Council contributes to water strategy review

Published on 27 September 2018


A Surf Coast Shire Council submission to the Victorian Government’s Central Region Sustainable Water Strategy Review highlights environmental needs of the Barwon River and suggests greater community involvement in water management.

Council resolved at its 25 September meeting to receive and note the submission, which acknowledges strategy achievements and outlines ongoing concerns.

The Central Region Sustainable Water Strategy was released with a 50-year outlook in 2006 and updated in 2007. It is required to be reviewed at least every 10 years.

Council’s submission welcomes increased environmental flows to the Barwon River and transfer of part of Barwon Water’s West Barwon Reservoir entitlements, but expresses concern that allocations might not be sufficient to meet the environmental needs of the river.

“Inadequate environmental flows for the Barwon River remain a significant concern for the Winchelsea community,” the submission says.

“Council believes that this issue needs to be addressed in partnership with the community, together with consideration of any potential future trade-offs.”

Council’s submission supports strategy achievements and commitments in use of recycled water.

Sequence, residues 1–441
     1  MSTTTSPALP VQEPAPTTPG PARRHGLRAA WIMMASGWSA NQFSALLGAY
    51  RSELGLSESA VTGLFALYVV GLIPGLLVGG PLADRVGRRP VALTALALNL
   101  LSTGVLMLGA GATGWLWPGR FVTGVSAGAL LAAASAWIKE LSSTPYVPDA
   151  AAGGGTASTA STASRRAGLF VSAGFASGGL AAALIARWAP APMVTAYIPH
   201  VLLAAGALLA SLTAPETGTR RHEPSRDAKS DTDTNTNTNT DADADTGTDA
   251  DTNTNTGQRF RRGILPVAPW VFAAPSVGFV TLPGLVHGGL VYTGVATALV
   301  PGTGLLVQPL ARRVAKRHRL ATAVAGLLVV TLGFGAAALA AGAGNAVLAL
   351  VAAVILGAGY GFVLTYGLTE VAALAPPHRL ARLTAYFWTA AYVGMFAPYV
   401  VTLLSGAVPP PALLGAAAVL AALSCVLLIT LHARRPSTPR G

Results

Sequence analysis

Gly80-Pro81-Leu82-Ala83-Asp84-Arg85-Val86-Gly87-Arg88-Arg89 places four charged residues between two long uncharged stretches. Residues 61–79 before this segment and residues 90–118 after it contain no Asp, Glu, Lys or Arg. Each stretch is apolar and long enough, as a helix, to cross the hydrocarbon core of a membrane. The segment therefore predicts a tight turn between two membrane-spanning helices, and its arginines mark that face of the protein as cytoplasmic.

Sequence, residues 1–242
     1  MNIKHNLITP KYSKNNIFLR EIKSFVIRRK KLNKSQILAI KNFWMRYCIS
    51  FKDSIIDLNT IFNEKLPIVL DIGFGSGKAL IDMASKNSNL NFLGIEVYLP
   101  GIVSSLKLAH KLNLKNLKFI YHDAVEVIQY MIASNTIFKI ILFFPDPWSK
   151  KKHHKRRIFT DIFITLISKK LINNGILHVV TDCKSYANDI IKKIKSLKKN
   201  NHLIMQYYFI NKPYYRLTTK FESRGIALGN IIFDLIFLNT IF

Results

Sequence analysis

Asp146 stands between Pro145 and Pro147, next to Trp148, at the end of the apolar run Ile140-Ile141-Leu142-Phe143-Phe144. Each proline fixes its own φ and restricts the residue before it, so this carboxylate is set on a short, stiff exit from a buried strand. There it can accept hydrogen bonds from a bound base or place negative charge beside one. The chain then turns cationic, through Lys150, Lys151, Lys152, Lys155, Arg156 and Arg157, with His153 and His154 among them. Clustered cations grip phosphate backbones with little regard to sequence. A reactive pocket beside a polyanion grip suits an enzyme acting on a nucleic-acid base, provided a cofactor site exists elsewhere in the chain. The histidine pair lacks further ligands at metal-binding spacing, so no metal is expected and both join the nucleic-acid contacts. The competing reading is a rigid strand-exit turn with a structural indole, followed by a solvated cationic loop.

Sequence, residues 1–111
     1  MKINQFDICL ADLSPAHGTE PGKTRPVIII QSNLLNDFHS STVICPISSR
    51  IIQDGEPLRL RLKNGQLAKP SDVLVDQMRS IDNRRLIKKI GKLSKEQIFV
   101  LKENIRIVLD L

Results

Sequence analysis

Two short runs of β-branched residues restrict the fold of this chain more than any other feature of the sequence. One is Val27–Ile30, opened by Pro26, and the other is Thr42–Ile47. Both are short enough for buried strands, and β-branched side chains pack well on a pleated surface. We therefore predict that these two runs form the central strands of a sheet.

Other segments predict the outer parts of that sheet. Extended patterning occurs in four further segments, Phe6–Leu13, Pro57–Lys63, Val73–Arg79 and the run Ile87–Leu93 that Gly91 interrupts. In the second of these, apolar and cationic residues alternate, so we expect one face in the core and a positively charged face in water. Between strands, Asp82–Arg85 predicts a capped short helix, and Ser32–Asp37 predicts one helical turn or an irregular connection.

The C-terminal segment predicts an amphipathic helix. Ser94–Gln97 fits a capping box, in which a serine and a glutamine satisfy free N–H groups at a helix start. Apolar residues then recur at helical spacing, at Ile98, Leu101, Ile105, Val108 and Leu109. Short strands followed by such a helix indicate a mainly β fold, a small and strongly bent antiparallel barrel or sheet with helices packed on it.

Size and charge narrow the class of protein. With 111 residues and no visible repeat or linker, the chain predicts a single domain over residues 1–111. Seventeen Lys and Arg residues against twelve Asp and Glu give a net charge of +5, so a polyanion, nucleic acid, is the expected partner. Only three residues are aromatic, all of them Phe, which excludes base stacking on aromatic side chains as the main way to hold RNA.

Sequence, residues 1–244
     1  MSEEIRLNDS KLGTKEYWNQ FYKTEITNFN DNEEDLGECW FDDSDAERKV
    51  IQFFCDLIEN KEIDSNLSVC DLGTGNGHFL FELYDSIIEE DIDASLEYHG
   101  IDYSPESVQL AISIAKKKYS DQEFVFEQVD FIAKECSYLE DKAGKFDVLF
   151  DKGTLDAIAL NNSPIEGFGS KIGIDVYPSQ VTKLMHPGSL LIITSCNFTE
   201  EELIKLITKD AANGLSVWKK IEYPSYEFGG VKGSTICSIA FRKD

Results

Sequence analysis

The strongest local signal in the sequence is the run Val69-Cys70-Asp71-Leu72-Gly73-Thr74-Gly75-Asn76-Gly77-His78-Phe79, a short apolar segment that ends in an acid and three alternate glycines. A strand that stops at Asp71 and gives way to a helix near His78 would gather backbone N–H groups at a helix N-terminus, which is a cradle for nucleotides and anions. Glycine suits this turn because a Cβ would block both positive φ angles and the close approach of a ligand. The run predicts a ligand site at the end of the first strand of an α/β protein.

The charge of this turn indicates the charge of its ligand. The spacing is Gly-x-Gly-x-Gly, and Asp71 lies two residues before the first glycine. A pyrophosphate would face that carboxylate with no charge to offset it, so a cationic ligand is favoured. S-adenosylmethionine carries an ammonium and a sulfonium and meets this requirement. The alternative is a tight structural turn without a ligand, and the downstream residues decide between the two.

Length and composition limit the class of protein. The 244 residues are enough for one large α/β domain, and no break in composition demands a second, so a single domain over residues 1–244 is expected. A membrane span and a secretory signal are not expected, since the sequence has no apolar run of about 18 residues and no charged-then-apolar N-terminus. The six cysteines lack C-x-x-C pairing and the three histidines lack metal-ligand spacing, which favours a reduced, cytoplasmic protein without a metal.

It emphasises that development of recycled water infrastructure and use of recycled water are strategic objectives in the Surf Coast Shire Council Plan 2017-21, Council’s Draft Hinterland Strategy and the G21 region agribusiness plan.

“In addition to supporting the development of wastewater and recycled water infrastructure, Council will be working in partnership with Barwon Water to explore potential use of recycled water to support agricultural and agri-tourism development in the hinterland, particularly in the vicinity of Black Rock and Winchelsea water reclamation plants,” the submission says.

It also noted that although the Anglesea River is not within the scope of the strategy, the health of the river is a concern to the Anglesea community.

Council’s submission supported consideration of greater community involvement, and use of local knowledge, in water management.

“The high level of community interest in the health of waterways in the shire, including the Barwon and Anglesea rivers, demonstrates local communities want greater, ongoing involvement in water management,” it says.

Mayor David Bell said Council welcomed opportunity to contribute to the important strategy review.

“Securing of regional water supply is essential for helping our community and environment to thrive,” Cr Bell said.

“It is critically important that we reflect the views of our communities, particularly when significant concerns exist.”

The Central Region Sustainable Water Strategy review, by the Department of Land, Water, Environment and Planning, is expected to be complete by the end of 2018.


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